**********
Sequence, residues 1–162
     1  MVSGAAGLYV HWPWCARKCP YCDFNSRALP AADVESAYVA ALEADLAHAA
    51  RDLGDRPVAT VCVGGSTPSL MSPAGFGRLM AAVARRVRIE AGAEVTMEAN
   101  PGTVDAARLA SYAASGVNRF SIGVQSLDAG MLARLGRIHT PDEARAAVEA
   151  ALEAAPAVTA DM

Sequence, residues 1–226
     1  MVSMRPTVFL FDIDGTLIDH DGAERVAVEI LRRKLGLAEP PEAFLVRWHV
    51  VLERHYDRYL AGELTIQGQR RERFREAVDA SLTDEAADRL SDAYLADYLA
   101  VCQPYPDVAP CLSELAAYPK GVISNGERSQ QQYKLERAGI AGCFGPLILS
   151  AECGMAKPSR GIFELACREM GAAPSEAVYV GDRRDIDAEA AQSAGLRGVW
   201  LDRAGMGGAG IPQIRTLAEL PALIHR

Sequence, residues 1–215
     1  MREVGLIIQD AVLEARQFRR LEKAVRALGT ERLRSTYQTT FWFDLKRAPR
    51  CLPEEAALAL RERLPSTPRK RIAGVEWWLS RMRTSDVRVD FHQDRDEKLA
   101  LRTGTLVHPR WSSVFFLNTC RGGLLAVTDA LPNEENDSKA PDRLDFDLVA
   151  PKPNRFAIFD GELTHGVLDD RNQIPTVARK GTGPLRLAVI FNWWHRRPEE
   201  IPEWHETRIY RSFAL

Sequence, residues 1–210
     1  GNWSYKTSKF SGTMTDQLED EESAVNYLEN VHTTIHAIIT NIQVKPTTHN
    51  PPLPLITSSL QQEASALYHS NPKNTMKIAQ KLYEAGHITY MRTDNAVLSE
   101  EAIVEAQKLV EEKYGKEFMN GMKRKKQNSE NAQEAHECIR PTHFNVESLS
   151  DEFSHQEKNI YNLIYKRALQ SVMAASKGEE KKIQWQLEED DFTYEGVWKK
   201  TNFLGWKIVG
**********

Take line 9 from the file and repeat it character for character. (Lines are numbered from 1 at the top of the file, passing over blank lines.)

   101  VCQPYPDVAP CLSELAAYPK GVISNGERSQ QQYKLERAGI AGCFGPLILS